Dr. Jeongmin Seong, Senior Fellow, McKinsey Global Institute (Presentation)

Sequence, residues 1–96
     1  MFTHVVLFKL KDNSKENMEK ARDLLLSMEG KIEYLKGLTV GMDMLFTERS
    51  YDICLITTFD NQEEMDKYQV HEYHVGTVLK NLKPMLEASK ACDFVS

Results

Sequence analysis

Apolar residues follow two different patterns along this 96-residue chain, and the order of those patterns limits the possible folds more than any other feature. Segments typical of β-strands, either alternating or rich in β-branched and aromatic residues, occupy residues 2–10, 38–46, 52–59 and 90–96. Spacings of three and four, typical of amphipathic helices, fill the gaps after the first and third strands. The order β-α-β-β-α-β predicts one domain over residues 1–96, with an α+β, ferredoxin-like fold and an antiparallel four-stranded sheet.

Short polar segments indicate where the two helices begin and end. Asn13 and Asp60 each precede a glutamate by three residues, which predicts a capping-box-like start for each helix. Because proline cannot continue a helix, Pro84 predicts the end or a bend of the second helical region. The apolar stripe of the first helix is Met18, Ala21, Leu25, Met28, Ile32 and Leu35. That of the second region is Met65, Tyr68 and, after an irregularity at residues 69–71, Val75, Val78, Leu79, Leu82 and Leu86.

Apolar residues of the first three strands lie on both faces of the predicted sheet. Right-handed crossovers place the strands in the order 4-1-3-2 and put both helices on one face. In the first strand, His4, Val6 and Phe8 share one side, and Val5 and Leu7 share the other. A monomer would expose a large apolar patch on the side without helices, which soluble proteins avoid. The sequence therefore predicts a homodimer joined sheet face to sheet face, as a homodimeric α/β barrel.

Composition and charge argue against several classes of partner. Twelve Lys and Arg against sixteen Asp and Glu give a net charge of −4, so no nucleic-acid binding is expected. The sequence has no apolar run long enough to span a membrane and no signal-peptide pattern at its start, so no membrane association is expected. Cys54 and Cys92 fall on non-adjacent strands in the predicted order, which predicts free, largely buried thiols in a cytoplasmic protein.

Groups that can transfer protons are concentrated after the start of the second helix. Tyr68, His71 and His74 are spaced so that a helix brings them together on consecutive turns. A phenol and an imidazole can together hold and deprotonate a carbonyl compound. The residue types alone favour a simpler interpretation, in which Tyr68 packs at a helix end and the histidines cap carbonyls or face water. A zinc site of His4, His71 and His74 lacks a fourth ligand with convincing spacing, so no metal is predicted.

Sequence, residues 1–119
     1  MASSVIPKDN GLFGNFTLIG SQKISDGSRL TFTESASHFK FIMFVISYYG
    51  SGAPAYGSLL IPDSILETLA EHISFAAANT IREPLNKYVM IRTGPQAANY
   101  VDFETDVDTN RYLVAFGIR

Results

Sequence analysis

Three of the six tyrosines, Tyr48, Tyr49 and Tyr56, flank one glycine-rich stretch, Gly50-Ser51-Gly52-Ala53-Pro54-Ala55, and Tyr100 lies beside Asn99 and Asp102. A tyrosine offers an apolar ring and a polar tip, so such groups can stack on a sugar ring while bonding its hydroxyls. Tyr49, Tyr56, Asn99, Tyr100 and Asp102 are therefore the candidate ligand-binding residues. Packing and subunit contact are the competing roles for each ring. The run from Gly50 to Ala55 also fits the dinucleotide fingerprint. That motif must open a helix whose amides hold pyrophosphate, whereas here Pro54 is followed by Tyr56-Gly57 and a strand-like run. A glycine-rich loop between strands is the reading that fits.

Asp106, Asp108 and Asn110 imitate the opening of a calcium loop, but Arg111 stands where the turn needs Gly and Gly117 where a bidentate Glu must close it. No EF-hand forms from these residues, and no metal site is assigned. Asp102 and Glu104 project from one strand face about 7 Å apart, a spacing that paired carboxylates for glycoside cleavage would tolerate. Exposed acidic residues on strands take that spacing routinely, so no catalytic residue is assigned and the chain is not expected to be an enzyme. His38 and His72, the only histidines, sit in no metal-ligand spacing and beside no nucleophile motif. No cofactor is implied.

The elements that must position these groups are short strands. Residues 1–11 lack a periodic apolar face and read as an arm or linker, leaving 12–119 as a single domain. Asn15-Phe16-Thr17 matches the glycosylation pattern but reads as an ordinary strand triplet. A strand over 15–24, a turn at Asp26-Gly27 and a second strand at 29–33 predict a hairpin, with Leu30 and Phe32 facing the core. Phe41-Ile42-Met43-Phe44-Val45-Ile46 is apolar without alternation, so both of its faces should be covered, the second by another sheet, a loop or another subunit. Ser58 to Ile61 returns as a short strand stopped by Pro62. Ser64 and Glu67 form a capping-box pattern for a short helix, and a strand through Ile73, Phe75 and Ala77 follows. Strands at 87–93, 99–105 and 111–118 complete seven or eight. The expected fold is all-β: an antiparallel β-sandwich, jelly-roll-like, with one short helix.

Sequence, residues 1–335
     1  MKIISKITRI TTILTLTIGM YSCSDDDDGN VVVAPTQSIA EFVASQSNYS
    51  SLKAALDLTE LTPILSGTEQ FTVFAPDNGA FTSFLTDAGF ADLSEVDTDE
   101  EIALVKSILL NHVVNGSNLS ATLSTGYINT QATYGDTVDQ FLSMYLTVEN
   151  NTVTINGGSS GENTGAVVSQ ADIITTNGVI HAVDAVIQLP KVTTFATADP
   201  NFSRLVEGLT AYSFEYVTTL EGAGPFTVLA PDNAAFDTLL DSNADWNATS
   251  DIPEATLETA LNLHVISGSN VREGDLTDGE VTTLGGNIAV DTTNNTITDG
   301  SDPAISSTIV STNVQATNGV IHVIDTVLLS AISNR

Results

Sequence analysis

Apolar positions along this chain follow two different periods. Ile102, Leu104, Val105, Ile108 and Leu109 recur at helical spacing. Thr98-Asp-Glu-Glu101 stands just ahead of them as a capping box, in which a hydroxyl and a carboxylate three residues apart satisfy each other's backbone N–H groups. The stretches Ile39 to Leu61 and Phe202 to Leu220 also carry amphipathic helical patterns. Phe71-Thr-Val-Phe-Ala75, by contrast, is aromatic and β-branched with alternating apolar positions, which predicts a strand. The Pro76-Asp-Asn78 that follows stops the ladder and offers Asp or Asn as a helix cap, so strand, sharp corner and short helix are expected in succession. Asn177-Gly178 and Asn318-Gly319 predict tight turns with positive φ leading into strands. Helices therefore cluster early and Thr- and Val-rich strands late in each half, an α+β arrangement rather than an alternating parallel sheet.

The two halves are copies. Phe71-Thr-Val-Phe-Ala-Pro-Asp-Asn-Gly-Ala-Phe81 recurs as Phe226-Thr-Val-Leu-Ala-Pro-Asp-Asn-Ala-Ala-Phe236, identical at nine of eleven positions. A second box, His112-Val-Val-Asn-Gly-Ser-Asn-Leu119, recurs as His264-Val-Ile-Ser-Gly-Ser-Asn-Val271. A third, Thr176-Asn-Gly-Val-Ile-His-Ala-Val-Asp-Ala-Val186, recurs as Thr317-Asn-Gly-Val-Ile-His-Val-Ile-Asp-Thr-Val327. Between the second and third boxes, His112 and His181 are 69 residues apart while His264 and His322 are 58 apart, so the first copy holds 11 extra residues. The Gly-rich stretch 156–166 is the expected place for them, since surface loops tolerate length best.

After a decade of experimentation, smart cities are entering a new phase. Although they are only one part of the full tool kit for making a city great, AI and digitally enabled solutions are the most powerful and cost-effective additions to that tool kit in many years. Smart cities add digital intelligence to existing urban systems, making it possible to do more with less. Connected applications put real-time, transparent information into the hands of users to help them make better choices. These tools can save lives, prevent crime, and reduce the disease burden. They can save time, reduce waste, and even help boost social connectedness. When cities function more efficiently, they also become more productive places to do business. MGI assessed found that these tools could reduce fatalities by 8-10 percent, accelerate emergency response times by 20-35 percent, shave the average commute by 15-20 percent, lower the disease burden by 8-15 percent, and cut greenhouse gas emissions by 10-15 percent, among other positive outcomes. The technologies analyzed in this report can help cities make moderate or significant progress toward 70 percent of the Sustainable Development Goals. Yet becoming a smart city is less effective as an economic development strategy for job creation. Becoming a smart city is not a goal but a means to an end. Smart cities need to focus on improving outcomes for residents and enlisting their active participation in shaping the places they call home.